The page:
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For refcode 2001AJ....122.2969H:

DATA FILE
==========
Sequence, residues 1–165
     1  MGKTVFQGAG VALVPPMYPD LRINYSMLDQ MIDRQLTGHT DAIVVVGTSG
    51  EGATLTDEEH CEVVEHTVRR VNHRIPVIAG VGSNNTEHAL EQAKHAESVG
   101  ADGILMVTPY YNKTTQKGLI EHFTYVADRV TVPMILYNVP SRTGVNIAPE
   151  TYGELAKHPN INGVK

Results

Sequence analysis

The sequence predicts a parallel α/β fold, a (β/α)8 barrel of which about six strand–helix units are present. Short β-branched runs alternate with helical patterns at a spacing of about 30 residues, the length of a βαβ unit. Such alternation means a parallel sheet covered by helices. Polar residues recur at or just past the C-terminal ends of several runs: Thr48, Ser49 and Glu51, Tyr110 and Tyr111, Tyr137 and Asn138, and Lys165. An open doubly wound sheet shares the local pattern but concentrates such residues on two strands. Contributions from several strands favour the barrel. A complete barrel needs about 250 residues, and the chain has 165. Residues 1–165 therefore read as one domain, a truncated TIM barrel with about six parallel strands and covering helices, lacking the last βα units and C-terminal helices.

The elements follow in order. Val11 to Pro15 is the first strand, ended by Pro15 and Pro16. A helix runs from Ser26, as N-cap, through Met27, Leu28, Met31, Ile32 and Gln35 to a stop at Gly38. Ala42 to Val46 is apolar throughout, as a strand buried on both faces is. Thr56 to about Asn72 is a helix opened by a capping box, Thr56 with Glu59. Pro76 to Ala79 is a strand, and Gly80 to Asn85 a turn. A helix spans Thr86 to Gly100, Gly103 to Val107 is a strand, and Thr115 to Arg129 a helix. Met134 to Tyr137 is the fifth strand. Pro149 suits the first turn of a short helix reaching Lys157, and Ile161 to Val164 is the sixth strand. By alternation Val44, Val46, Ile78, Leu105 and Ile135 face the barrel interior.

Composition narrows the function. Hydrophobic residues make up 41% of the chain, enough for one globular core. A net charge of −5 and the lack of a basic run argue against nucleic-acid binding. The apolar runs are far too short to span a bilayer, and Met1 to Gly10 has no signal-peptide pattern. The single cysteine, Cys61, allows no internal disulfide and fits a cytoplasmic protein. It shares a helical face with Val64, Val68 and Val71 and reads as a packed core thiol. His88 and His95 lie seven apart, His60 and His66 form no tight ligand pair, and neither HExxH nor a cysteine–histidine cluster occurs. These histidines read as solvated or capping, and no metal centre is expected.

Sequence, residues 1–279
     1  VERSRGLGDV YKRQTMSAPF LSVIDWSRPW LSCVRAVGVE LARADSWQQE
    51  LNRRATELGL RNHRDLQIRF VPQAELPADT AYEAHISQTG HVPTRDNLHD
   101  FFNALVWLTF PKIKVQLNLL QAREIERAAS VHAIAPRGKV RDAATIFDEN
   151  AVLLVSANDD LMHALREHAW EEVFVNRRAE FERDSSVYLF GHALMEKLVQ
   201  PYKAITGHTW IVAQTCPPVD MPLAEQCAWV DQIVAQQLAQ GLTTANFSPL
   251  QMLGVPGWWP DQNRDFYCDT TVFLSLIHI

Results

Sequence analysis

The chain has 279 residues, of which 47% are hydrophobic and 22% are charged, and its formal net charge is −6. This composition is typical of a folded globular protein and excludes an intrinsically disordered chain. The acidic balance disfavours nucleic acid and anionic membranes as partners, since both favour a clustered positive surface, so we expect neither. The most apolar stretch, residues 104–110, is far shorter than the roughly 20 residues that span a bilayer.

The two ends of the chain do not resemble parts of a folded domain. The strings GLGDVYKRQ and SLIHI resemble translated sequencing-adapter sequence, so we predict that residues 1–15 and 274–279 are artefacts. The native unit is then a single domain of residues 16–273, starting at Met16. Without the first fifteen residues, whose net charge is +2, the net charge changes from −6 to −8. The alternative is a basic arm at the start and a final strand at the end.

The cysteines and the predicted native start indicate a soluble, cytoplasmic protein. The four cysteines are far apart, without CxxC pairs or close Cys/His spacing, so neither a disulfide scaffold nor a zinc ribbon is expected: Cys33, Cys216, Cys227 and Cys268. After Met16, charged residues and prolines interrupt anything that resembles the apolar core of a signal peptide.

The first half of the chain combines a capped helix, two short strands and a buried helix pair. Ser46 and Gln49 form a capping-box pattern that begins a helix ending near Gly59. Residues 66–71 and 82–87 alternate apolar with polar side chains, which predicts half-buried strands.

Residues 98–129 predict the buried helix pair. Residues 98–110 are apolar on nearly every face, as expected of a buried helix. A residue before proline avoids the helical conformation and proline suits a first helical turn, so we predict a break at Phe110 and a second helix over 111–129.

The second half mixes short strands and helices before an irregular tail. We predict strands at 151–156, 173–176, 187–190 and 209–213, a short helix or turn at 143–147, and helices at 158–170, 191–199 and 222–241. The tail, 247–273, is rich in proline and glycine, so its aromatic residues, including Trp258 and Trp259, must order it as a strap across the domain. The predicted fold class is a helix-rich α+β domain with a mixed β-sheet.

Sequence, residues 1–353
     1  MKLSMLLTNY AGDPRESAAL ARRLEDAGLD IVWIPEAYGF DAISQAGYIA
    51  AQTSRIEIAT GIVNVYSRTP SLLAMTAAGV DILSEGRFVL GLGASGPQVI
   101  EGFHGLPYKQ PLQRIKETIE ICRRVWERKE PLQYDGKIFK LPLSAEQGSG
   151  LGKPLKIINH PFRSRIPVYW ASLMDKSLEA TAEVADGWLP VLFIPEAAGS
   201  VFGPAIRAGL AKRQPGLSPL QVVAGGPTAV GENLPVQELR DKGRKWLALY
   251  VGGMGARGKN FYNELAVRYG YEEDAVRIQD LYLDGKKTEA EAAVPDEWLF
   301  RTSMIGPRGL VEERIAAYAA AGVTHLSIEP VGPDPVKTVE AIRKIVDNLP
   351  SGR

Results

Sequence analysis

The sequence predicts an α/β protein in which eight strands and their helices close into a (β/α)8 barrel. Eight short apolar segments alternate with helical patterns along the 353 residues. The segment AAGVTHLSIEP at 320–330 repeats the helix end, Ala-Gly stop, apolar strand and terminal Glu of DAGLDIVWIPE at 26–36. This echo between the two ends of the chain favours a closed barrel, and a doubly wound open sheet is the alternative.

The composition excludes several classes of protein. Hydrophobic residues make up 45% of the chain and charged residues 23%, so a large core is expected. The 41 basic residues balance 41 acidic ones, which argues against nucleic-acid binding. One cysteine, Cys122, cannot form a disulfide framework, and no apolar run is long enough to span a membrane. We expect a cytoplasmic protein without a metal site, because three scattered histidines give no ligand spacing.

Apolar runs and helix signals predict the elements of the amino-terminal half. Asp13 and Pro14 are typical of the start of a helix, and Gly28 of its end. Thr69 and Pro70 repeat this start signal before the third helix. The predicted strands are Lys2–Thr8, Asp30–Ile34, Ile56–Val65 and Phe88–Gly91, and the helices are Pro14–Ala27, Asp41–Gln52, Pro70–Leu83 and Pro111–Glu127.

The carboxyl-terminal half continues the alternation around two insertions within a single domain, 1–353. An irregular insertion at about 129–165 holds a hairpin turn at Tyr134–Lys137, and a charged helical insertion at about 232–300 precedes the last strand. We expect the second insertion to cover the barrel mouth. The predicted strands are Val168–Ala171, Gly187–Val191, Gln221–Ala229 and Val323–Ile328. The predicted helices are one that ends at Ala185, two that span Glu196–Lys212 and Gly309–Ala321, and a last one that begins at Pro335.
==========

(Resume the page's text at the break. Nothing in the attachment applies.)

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2001AJ....122.2969H HIGH-RESOLUTION H I MAPPING OF NGC 4038/39 ("THE ANTENNAE") AND ITS TIDAL DWARF GALAXY CANDIDATES J. E. HIBBARD National Radio Astronomy Observatory,1 520 Edgemont Road, Charlottesville, VA 22903; jhibbard@nrao.edu J. M. VAN DER HULST Kapteyn Astronomical Institute, Postbus 800, NL-9700 AV Groningen, Netherlands; vdhulst@astro.rug.nl J. E. BARNES Institute for Astronomy, University of Hawaii, 2680 Woodlawn Drive, Honolulu, HI 96822; barnes@ifa.hawaii.edu AND R. M. RICH Department of Physics and Astronomy, UCLA, Los Angeles, CA 90095-1562; rmr@astro.ucla.edu Received 2001 April 30; accepted 2001 August 27 ABSTRACT We present new VLA C + D array H I observations and optical and near-infrared imaging of the well-known interacting system NGC 4038/39, "The Antennae." At low spatial resolution (~40"), the radio data reach a limiting column density of ~10^19^ cm^-2^ (2.5 {sigma}), providing significantly deeper mapping of the tidal features than afforded by earlier H I maps. At relatively high spatial resolution (~10"), the radio data reveal a wealth of gaseous substructure both within the main bodies of the galaxies and along the tidal tails. In agreement with previous H I studies, we find that the northern tail has H I along its outer length but none along its base. We suggest that the H I at the base of this tail has been ionized by massive stars in the disk of NGC 4038. The gas in the southern tail has a bifurcated structure, with one filament lying along the optical tail and another running parallel to it but with no optical counterpart. The two filaments join just before the location of several star-forming regions near the end of the tail. The H I velocity field at the end of the tail is dominated by strong velocity gradients, which suggests that at this location the tail is bending away from us. We delineate and examine two regions within the tail previously identified as possible sites of a so-called tidal dwarf galaxy condensing out of the expanding tidal material. The tail velocity gradients mask any clear kinematic signature of a self-gravitating condensation in this region. A dynamical analysis suggests that there is not enough mass in gas alone for either of these regions to be self-gravitating. Conversely, if they are bound they require a significant contribution to their dynamical mass from evolved stars or dark matter. Even if there are no distinct dynamical tidal entities, it is clear that there is a unique concentration of gas, stars, and star-forming regions within the southern tail: the H I channel maps show clear evidence for a significant condensation near the tail star-forming regions, with the single-channel H I column densities higher than anywhere else in the system, including within the main disks. Finally, the data reveal H I emission associated with the edge-on "superthin" Scd galaxy ESO 572-G045, which lies just beyond the southern tidal tail of The Antennae, showing it to be a companion system. Key words: galaxies: evolution - galaxies: individual (NGC 4038/39) - galaxies: interactions - galaxies: ISM - galaxies: kinematics and dynamics - galaxies: peculiar
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